Council Proclaims June 24th 2016 Trans Pride Day

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On June 20, 2016, the Seattle City Council unanimously passed a proclamation declaring June 24, 2016, Trans Pride Day. Trans Pride is a bold political act of defiance in a society that still largely refuses to allow people to define themselves as they are. The fight for trans rights is critical to the broader struggles of the workers’ movement.

Video of my speech will be uploaded as soon as its available. In the meantime, a rush draft of my speech can be found below, and you can read the full text of the proclamation here (PDF). I hope to see everyone this Friday, June 24, 5 PM, at Cal Anderson Park to join the  Trans Pride Seattle 2016 rally and march.

Trans Pride

Transcript of Speech as Delivered

I’d like to present a proclamation celebrating Trans Pride Seattle 2016.

For the fourth consecutive year, the Gender Justice League and other organizations and activists in the trans rights movement will be holding a Trans Pride March and rally this Friday in Seattle as part of the pride weekend celebrations.

I have marched with Trans Pride every year since its inception, first as a candidate in 2013, and then later as an elected representative of Seattle’s working people. I have seen this event grow year after year from a couple hundred people to several thousand thanks to the courage of Seattle’s trans rights activists.

The recent massacre at an LGBTQ night club in Orlando, Florida exemplifies that standing up for LGBTQ rights is still a matter of courage, and a recognition that we have a long way to go in our fight for a society free of bigotry.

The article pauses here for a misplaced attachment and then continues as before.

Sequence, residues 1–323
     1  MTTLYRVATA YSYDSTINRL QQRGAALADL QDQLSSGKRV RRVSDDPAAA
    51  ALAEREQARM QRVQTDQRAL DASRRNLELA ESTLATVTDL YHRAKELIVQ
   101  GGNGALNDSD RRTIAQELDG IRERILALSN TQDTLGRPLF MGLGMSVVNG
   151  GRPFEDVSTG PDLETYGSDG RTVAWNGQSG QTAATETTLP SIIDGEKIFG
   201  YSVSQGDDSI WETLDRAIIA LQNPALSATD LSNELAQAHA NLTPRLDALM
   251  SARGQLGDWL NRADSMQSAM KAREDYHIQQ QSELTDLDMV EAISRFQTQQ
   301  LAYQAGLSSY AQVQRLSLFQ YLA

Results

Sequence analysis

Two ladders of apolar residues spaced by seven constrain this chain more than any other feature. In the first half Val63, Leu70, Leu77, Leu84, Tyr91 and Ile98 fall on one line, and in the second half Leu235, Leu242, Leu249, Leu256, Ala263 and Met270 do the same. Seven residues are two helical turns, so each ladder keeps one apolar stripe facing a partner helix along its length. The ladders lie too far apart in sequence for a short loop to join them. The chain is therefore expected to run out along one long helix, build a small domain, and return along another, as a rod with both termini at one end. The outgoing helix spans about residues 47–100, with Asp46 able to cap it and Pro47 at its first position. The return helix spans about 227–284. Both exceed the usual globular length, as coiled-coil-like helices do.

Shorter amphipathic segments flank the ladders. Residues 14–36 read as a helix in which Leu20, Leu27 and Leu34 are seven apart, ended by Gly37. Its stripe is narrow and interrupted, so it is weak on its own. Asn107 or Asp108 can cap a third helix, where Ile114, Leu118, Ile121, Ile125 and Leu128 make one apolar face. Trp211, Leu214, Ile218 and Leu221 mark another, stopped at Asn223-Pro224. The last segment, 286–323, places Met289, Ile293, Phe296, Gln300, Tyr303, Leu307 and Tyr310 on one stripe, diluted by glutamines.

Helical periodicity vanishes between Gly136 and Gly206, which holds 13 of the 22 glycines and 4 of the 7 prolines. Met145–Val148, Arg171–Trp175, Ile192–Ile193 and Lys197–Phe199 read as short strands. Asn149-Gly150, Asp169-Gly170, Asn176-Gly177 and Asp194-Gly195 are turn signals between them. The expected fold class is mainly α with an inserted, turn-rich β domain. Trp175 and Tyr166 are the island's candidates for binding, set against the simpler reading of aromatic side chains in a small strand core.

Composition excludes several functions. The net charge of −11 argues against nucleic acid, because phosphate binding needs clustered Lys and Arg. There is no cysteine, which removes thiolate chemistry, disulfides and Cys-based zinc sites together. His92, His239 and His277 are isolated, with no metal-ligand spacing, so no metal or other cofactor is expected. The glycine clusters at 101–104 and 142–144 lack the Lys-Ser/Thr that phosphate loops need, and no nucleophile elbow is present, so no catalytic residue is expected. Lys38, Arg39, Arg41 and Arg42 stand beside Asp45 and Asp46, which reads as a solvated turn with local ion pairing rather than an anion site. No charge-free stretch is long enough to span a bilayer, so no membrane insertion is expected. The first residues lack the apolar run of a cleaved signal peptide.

The struggle of our trans community members is the sharp edge of the fight for basic rights in workplaces and in society at large, and also the leading example of courage and determined political activism.

All over the world, the transgender community is under attack. Between 2008 and 2014, there were 1,612 murders, across 62 countries, of transgender persons — equivalent to a killing every two days.

This is no different in the US. The transgender murder rate hit a historic high in the US in 2015, with at least 21 transgender women being killed simply for expressing who they are. The majority of these were transgender women of color. The true number is almost certainly higher.

Transgender people are four times more likely to live in poverty.

Ninety percent of transgender people report experiencing harassment, mistreatment, or discrimination on the job.

Forty one percent reported attempting suicide, compared to 1.6% of the general population.

Transgender people of color were 6 times more likely to experience physical violence from the police compared to white cisgender survivors and victims.

And all around the country, the trans community has been continually scapegoated with discriminatory legislation.

But in the face of these conditions, the discrimination and oppression, the reality is the movement for trans rights is making amazing strides forward. The successes in the fight for gender-neutral bathrooms in schools, workplaces, and public spaces is just one brilliant example.

After the Stonewall rebellion, radical organizations like the Gay Liberation Front organized pride marches to fight back against the stigmatization and marginalization of the LGBTQ community.

The Trans Pride movement is playing a similar historical role today. Trans Pride is a bold political act of defiance in a society that still largely refuses to allow people to define themselves as they are.

Trans Pride is also a reminder that the fight against oppression is deeply interlinked with the larger fight for workplace rights. Trans activists have correctly been leading voices in the fight for $15/hour, to end the gender pay gap, and the battle to unionize our workplaces.

This proclamation adds the City’s voice in support.  It proclaims, “Friday, June 24th 2016 to be Trans Pride Day in the City of Seattle and encourages all elected officials and Seattle residents to attend Trans Pride Seattle 2016.”

I would also add that the proclamation recognizes Marsha Botzer, with the Ingersoll Gender Center, and Danni Askini, with the Gender Justice League, and trans activists who led the Stonewall Rebellion.

And, I would like to personally encourage my colleagues to join me at Trans Pride this year.